Shannon is currently one of the most underrated actors in Hollywood; he’s one of the most versatile and skillful actors, with an amazing approach to his roles that make him powerfully scary and mesmerizing, and Nichols understands the treasure that Shannon is, for he always gives him these roles. This is especially true in “Take Shelter,” where Shannon plays the role of a husband with apocalyptic visions that drive him into building a shelter to save himself and his family; even though the story sounds typical, Nichols’ writing and Shannon’s performance leave the audience on the edge of their seats in this slow-burning psychological drama, as Michael Shannon dwells into anxiety against a natural disaster that makes him obsessed and drives him insane. Shannon gave one of his best performances with Nichols, especially in “Shotgun Stories” and “Take Shelter.”

The collaboration of Jeff Nichols and Michael Shannon is one of the collaborations that people would love to see more often. Nichols knows how to use Shannon’s remarkable acting skills, giving him roles that elevate both Nichols and Shannon each in his place behind and in front of the camera.


9. Anders Thomas Jensen – Mads Mikkelsen (2000 – 2020)

Flickering Lights (2000)

Number of Collaborations: 4
Most Known: “Men & Chicken”, “Flickering Lights” & “Adam’s Apples”

Anders Thomas Jensen is one of the most significant names in Danish cinema; he started as a screenwriter who wrote films like “Open Hearts,” “After the Wedding” and “Brothers.” The director/writer of the Dogme 95 had teamed with Mads Mikkelsen in all the films he directed. Mikkelsen is the go-to actor in Hollywood to play a scary ruthless villain, benefiting from his mystical haunting Viking-ish looks, classy mood and voice to give him the roles of a ruthless cold-blooded villain, such as in “Casino Royale,” “Doctor Strange” and “Hannibal.”

But back in his homeland, Mikkelsen made great films, some of which he made with Jensen. Jensen has this weird eccentric surrealistic sarcastic vision; he creates satirical worlds that are nonsensical and non-realistic, yet this approach is a fresh bright kind of cinema, filled with weirdness and uniqueness. He doesn’t make films that are made every day, and he doesn’t play by the rules. He creatively manipulates the genres he chooses and creates his dimensions. And despite the Hollywoodian villain mold they had made for Mikkelsen, he proved that he’s a versatile and colorful actor, specifically with Jensen’s films that require a skillful actor to fit in Jensen’s wild imagination and bizarre worlds.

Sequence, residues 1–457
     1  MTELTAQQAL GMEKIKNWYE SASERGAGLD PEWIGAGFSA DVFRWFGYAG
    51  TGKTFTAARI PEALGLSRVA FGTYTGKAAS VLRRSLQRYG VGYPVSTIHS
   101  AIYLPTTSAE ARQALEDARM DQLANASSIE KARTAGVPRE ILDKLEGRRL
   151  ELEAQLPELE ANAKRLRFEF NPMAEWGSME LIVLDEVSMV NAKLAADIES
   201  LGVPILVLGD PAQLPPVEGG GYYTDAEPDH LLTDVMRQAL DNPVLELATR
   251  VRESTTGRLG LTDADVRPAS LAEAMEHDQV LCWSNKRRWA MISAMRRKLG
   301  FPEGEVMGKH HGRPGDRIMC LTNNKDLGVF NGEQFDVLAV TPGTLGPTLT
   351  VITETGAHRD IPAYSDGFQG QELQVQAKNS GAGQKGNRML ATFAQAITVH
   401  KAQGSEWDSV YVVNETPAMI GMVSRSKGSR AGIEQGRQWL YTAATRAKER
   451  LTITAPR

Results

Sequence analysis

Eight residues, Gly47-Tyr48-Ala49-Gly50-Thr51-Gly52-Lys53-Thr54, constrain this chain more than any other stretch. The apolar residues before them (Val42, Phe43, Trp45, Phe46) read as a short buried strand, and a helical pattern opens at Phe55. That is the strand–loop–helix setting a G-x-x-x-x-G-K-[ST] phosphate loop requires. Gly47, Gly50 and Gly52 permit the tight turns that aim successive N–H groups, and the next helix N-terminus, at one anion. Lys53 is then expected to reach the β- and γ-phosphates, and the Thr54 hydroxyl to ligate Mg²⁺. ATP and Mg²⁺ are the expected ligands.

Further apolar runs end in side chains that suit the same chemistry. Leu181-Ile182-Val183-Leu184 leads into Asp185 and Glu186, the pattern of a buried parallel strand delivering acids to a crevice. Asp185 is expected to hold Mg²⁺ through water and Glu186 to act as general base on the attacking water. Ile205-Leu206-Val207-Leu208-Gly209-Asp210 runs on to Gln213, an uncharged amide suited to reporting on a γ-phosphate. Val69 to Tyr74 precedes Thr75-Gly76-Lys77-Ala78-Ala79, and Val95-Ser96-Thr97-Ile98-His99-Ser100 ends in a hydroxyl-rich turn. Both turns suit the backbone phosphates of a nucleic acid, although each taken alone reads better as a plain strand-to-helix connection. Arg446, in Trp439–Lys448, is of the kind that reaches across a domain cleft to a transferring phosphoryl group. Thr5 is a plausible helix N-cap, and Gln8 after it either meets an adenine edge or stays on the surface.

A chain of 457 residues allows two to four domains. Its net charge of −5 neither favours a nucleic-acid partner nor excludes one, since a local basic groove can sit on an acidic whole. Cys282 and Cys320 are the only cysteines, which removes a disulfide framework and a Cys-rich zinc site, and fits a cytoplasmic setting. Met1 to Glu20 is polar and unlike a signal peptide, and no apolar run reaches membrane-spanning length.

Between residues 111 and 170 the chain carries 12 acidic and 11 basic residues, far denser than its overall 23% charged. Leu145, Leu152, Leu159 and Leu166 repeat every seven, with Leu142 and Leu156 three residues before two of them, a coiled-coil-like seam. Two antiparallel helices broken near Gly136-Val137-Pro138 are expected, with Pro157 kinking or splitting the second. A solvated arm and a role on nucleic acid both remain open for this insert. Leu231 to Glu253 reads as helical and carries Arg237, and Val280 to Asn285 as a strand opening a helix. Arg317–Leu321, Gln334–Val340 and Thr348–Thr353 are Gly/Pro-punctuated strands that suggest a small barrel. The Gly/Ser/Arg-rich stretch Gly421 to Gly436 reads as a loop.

Anders Thomas Jensen and Mads Mikkelsen are an amazing pair from a completely different atmosphere. It is worth mentioning that Jensen and Mikkelsen are currently working on a new comedy named “Guardians of Justice” that will be released in December 2020.


10. Paul Thomas Anderson – Philip Seymour Hoffman (1996 – 2012)


Number of Collaborations: 5
Most Known: “The Master”, “Magnolia” & “Punch-Drunk Love”

Paul Thomas Anderson considered the late Philip Seymour Hoffman sort of a muse from his first feature “Hard Eight” and later he wrote roles especially for him. The late actor, who died in 2014, left us some of the greatest performances ever in “The Master,” the masterpiece written and directed by Anderson and co-starring Joaquin Phoenix and Amy Adams; Hoffman delivered a mesmerizing scary performance as a cult “Scientologist” leader. Aside from “The Master,” Anderson gave Hoffman small yet important roles in “Punch-Drunk Love,” “Boogie Nights” and “Hard Eight,” and the role of the nurse in the unforgettable mosaic masterpiece “Magnolia.”

Philip Seymour Hoffman was one of the best actors of his generation; he had this uniqueness that elevated him in each film, even if the roles were small, with a charismatic strong presence and full dedication to his craft. He left us great films despite his early departure and his few years as a lead actor, with much thanks to Anderson who, ever since he saw him in “Scent of a Woman,” considered him a soft of muse, delivering some of the best works from the two.